Six-state E coli outbreak blamed on ground beef

Jun 11, 2007 (CIDRAP News) – A recent ground beef recall has been expanded to 5.7 million pounds following the identification of 14 Escherichia coli O157:H7 cases in six states, according the US Department of Agriculture (USDA).

The products, which include fresh and frozen ground beef packaged under a variety of store brands and other major labels, are no longer on store shelves, but they may still be in consumers' freezers, the US Department of Agriculture's (USDA's) Food Safety and Inspection Service (FSIS) said in a Jun 9 statement.

"It is important that consumers look for and return these products if they find them," the USDA said.

Of the 14 patients whose E coli infections have been linked to the contaminated beef, 6 are from Arizona, 3 are from California, 2 from Colorado, and 1 each from Idaho, Utah, and Wyoming, according to the FSIS. All the patients have recovered.

The beef subject to recall was produced by United Food Group, LLC, based in Vernon, Calif. The company first recalled 75,000 pounds of ground beef on Jun 3 because of sampling done by California and Colorado health departments when investigating illnesses. The firm expanded the recall 3 days later to 370,000 pounds, incorporating meat produced on an earlier date.

For the first two recalls, the products involved only ground beef sold in prepackaged chubs or casings. The expansion to 5.7 million pounds was spurred by an E coli finding in fresh ground beef provided by a patient in Arizona, the USDA said.

The fresh and frozen ground beef was processed between Apr 6 and Apr 20 and distributed to retail stores in Arizona, California, Colorado, Idaho, Montana, Nevada, New Mexico, Oregon, Utah, Washington, and Wyoming. The products bear the establishment number "EST. 1241" inside the USDA inspection mark or elsewhere on the package. The products have use-by/sell-by dates between Apr 15 and May 7 and freeze-by dates between Apr 23 and May 7. The frozen ground beef patty products have sell-by dates between Aug 6, 2007, and Jan 20, 2008.

Todd Waldman, United Food Group's senior vice president, said in a Jun 9 press release that all of the illnesses have been linked so far to the company's fresh ground beef purchased during a short time frame, rather than its frozen products.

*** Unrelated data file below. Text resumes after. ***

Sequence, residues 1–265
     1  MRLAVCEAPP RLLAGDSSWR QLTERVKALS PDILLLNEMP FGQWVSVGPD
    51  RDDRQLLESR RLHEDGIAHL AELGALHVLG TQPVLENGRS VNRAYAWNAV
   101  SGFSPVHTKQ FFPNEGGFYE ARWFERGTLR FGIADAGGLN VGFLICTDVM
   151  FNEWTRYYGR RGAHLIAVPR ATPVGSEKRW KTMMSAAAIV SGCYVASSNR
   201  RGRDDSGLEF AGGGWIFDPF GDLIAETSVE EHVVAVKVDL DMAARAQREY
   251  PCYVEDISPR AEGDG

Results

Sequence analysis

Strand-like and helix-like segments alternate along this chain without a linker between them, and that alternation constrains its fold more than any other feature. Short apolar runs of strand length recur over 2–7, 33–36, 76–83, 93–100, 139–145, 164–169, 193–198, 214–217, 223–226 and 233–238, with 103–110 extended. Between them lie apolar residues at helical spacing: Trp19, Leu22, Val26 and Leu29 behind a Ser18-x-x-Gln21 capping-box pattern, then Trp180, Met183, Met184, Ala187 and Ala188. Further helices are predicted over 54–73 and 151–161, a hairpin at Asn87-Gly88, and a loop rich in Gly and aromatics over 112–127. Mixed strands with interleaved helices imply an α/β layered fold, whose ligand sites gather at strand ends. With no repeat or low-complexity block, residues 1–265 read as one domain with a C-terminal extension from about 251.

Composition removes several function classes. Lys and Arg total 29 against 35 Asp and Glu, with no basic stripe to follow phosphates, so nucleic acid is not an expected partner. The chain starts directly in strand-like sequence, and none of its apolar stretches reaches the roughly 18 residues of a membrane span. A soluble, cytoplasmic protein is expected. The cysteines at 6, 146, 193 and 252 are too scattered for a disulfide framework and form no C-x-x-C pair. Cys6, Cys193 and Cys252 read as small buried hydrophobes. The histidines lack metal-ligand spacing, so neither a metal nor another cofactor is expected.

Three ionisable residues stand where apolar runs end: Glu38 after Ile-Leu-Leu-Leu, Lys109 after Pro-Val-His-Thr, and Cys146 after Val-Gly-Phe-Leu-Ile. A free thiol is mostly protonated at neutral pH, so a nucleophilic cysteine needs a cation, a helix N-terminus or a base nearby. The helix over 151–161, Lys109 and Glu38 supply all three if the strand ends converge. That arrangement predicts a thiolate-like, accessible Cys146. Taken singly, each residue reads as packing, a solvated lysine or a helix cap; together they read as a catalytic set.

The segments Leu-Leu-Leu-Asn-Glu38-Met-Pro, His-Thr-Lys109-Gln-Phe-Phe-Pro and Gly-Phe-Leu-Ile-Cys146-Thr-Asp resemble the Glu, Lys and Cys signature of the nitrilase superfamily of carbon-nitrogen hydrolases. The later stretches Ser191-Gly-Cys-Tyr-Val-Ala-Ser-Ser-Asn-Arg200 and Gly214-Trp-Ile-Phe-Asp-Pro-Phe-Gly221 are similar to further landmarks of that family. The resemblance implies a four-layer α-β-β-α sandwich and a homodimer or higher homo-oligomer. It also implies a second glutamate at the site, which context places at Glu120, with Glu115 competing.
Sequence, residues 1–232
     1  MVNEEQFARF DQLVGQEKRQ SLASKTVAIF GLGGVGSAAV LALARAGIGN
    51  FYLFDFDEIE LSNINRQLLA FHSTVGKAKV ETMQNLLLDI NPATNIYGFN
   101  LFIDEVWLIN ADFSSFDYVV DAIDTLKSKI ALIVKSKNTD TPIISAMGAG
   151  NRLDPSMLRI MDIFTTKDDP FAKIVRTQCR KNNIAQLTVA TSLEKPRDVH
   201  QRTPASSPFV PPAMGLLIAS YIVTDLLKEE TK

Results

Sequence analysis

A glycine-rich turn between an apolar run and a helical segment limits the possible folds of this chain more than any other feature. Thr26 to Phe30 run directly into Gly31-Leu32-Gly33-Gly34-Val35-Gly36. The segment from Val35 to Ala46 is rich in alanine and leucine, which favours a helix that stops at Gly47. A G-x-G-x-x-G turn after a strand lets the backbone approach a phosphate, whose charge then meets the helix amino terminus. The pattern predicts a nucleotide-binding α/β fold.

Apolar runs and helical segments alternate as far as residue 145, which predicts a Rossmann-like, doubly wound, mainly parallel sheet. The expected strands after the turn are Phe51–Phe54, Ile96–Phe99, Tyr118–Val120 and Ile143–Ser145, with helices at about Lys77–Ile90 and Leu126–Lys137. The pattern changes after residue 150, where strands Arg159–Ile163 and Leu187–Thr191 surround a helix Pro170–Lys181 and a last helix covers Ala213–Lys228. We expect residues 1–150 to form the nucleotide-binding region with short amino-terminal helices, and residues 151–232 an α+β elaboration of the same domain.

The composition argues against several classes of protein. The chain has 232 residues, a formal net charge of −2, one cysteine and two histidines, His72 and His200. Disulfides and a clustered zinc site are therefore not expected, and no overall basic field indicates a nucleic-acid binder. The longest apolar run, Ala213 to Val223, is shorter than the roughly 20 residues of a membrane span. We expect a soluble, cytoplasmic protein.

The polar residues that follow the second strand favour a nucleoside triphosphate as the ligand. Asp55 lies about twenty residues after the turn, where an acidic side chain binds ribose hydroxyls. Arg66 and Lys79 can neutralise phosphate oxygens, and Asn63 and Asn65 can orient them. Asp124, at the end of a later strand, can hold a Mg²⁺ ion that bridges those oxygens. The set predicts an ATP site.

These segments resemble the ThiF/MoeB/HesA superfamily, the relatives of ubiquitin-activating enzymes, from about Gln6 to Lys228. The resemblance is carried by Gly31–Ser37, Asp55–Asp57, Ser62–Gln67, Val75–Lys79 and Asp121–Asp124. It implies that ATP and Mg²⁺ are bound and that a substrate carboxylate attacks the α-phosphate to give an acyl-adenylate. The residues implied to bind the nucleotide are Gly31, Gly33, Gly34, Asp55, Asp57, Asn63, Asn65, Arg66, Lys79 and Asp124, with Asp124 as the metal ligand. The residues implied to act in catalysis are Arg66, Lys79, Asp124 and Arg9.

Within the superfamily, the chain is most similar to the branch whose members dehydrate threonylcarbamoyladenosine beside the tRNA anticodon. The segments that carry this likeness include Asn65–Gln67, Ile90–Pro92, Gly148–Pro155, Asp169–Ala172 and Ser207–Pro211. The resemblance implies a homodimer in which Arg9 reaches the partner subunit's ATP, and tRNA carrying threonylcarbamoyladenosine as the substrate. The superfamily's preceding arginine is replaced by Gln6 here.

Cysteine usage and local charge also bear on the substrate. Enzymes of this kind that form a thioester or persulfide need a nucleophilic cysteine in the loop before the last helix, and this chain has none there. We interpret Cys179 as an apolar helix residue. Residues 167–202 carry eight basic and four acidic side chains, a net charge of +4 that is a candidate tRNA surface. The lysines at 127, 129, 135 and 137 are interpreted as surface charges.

"We have been unable to pinpoint the exact date and time of production because the code dating information on the packaging was no longer available from the consumer," Waldman said. "As a precautionary measure, we have chosen to voluntarily recall additional fresh and frozen ground beef products."

Recent major outbreaks of E coli O157:H7 have been linked with fresh produce, but overall the pathogen has more commonly been found in ground beef. The strain produces a toxin that causes diarrhea—often bloody—and abdominal cramps, but typically no fever. The illness usually resolves in 5 to 10 days, but it can cause hemolytic uremic syndrome, potentially leading to kidney failure or death, in 2% to 7% of patients.

Following a massive ground beef recall by a Greeley, Colo., plant in 2002, the USDA required meatpacking plants to review their safety systems and take specific steps to reduce E coli contamination. The agency credited that step for a subsequent decline in contamination found by USDA sampling and a decline in ground beef recalls.

However, US meat producers have issued eight recalls related to E coli contamination so far this year, which is more than they issued during all of 2006, according to an article published today by Meatingplace.com, a beef industry Web site. The number of recalls is stirring some concern that the beef industry's safety gains are starting to taper off.

"Suffice it to say that we are well aware there has been an increase in recalls this year and are keeping a close watch on the situation," FSIS spokesman Steve Cohen told Meatingplace.

Despite the increase in recalls this year, the proportion of meat samples with E coli so far this year is running below 2006 levels: 0.14% compared to 0.17%, Cohen reported. He said about 5,000 samples have been tested so far this year.

Cohen said there doesn't seem to be a pattern to the recent E coli-related recalls of beef products. "We perform tracebacks to determine if there are links among clusters of recalls, and [for the most recent ones], we haven't found any," he told Meatingplace. "At this point, it's safe to say each was prompted by very different circumstances."

The spike in recalls could also be the result of increased public health vigilance and better partnerships between the federal agencies that are involved with food safety issues, Cohen said.

See also:

Jun 9 USDA statement

Jun 9 United Food Group press release

Mar 2, 2005, CIDRAP News story "E coli in in ground beef dropped in 2004, USDA says"

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